ArchWiki talk:Reports

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Revision as of 20:58, 27 March 2014 by Kynikos (talk | contribs) (Beginners' guide/Installation: re)
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In this page you can list:

  • Edits that a contributor made to the wiki without a proper explanation (that is what the Summary field is for) and whose validity you lack the knowledge to judge by yourself. In this case, please add a link to the edit in question with a brief explanation why you think it should be investigated. Consider contacting the contributor to ask for an explanation, which is often an effective way to solve these issues. Please report the eventual answer (if any) below the initial report. You can also link to a discussion already started in the talk page of the edited article.
  • Links to discussions started in talk pages requesting to add, delete, or modify some content in the respective articles which you do not have sufficient knowledge to answer definitively by yourself.

Please sign your edits and feel free to comment on others' reports. Discussions will be deleted 3 days after closing.

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New templates

Just a heads-up, if you're OK with them [1] [2] , please close the report :-) -- Karol 07:42, 14 December 2011 (EST)

If we start applying them consistently in all the tables, probably adding a proper rule in Help:Style, then I'm ok with them, since coloring cells in tables is not very straightforward even with wiki syntax.
Note their Chinese counterparts have been created too: Template:是 and Template:否. Since those templates' code is very flexible, I suggest replacing them with only 2 templates, Template:Y and Template:N, which would produce "Yes" and "No" by default, but whose first optional argument would allow them to display any other string, including translations, without the need to have localized versions of each template.
Going even a bit further, since some tables use additional colors, we may base the templates' names on their color instead of their meaning, so that we would have Template:G, Template:R, Template:Y, Template:B, and if necessary also Template:P and Template:O (purple and orange, just to complete the secondary colors). These templates should require the first argument, but I think they would be easy to use anyway, for sure much easier than the current | style="color:...." | blabla.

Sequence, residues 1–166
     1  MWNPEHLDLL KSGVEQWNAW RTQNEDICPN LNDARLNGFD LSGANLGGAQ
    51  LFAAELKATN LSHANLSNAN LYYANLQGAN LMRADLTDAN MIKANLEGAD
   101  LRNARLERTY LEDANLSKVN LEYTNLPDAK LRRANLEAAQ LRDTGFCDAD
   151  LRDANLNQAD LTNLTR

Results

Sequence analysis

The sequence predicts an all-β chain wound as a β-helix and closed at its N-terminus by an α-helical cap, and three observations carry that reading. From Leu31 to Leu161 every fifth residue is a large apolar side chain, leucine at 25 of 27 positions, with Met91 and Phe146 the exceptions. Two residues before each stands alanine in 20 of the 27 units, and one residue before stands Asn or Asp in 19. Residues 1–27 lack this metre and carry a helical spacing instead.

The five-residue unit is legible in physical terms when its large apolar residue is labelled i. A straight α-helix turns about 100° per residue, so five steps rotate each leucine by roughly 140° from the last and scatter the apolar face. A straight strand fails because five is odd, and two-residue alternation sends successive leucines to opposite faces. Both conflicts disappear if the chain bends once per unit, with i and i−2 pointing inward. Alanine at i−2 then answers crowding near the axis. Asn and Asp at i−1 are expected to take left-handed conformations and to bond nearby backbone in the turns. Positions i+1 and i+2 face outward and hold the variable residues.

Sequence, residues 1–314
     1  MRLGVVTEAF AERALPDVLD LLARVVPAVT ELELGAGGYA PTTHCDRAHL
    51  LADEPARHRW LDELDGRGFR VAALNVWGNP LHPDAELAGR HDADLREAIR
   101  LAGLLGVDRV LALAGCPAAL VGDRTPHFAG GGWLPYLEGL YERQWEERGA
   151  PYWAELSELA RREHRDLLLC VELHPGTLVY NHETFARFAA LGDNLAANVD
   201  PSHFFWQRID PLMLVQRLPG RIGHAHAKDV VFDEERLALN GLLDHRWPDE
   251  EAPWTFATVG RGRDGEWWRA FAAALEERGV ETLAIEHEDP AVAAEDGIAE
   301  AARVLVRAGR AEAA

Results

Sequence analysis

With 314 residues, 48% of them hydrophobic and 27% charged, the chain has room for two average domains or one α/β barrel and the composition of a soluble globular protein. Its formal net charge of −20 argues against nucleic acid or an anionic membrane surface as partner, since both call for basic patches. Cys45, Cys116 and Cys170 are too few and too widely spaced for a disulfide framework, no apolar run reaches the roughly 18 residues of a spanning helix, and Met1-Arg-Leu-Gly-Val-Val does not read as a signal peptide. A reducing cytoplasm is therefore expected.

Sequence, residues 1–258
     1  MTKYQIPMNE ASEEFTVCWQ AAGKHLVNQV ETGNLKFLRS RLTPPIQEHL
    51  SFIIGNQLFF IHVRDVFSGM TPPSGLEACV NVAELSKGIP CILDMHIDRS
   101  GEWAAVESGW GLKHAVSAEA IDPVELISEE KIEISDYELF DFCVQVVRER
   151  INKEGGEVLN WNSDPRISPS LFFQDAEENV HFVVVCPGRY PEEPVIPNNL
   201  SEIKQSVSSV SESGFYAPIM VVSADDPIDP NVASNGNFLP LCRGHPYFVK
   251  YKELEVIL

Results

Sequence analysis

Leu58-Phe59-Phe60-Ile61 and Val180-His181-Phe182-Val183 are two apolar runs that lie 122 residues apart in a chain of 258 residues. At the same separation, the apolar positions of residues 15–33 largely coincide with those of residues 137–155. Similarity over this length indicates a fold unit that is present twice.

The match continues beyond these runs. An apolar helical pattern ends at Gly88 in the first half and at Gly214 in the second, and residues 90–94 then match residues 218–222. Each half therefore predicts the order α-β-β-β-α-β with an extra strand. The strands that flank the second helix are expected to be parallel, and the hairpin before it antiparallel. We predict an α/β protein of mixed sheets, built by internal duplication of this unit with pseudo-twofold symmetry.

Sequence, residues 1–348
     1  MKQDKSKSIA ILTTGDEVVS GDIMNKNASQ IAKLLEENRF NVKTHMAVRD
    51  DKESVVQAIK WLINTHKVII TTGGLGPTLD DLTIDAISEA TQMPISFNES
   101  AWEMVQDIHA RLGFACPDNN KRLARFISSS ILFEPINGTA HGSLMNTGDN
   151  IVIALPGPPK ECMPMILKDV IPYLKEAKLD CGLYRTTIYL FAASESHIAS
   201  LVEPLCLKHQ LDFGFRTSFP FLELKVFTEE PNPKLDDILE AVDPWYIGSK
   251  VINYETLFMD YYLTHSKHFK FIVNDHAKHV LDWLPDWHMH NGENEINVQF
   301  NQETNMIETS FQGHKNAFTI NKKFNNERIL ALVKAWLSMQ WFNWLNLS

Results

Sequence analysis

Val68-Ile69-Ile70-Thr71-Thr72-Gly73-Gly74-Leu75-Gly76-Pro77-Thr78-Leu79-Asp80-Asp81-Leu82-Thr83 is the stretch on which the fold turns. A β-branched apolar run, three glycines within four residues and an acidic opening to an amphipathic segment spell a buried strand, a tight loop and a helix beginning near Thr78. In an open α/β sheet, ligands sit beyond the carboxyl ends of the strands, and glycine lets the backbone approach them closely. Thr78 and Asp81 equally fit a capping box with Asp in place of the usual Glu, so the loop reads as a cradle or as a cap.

Waiting for opinions. -- Kynikos 09:19, 15 December 2011 (EST)
This template group would also give us an excuse to delete The Status Table Series and related templates, since they have a too narrow field of application and practically just create nested tables in the end, thus giving almost no real advantage. -- Kynikos 13:13, 24 December 2011 (EST)
I support this idea. Similar to the Template:Box COLOUR templates, a series of table cell coloured templates would ensure consistency across articles. -- pointone 16:46, 19 January 2012 (EST)
So good :) However I don't consider this an urgent task, I'm linking this discussion from a new entry among my numerous template ideas in my todo list. Of course if you or someone else want to implement it, just go for it. Just reminding that the implementation should be accompanied by some related style rules.
Also note that among my template-related ideas there's one about the Box COLOR series that seems to go in the opposite direction than the cell color templates, but I think that the colors for the Note, Warning and Tip templates should be reserved for them, and not be usable in other ways.
-- Kynikos 06:47, 20 January 2012 (EST)

Jumbo frames' "Real World Examples" section

Jumbo_Frames#Real_World_Examples <-- This section doesn't seem fitting on our wiki. This section just seems to be an advertisement for jumbo frames, and I think it should be removed. And I should also note that the methodology is a bit unreliable, in my opinion. To truly test just the difference that jumbo frames makes, one should make a RAM disk so hard disk performance is completely removed from the equation. And if we really want to sell people on switching to jumbo frames, I would rather we simply provide a one-liner plus a link to a technical white paper, IEEE conference paper, etc. Does anyone else agree?
-- Jstjohn (talk) 21:59, 4 June 2012 (UTC)

Well, I don't know if we can really consider that section as an advertisement, however it's true that benchmarking sections are not really Arch-specific, and would probably better fit a blog or some other kind of website, which could be linked from the article. A similar article is SSD Benchmarking, for example.
On the other hand it looks like an original work and I would hesitate a bit before simply deleting it, maybe moving the "Using Jumbo Frames on Arch Linux" section more to the top could be a start. User:Graysky seems to have added that section in 2009, he may be interested in discussing also about the reliability of the methodology, but I would do that in Talk:Jumbo Frames (possibly adding e.g. Template:Accuracy to the article), since this talk page is more used for discussing recent changes reports :)
-- Kynikos (talk) 15:26, 5 June 2012 (UTC)
Another alternative would be moving it to a sub-page, and having a link to it somewhere in the article.
-- thestinger (talk) 15:14, 7 June 2012 (UTC)
I just found this discussion. I do not feel that the examples I posted represent an advertisement in any way. They do represent a concrete example of leveraging the topic of the page on which they are written. They are a bit dated however. I agree with the RAM disk suggestion. If I get dome time over the weekend, I might update on more modern hardware under more controlled conditions.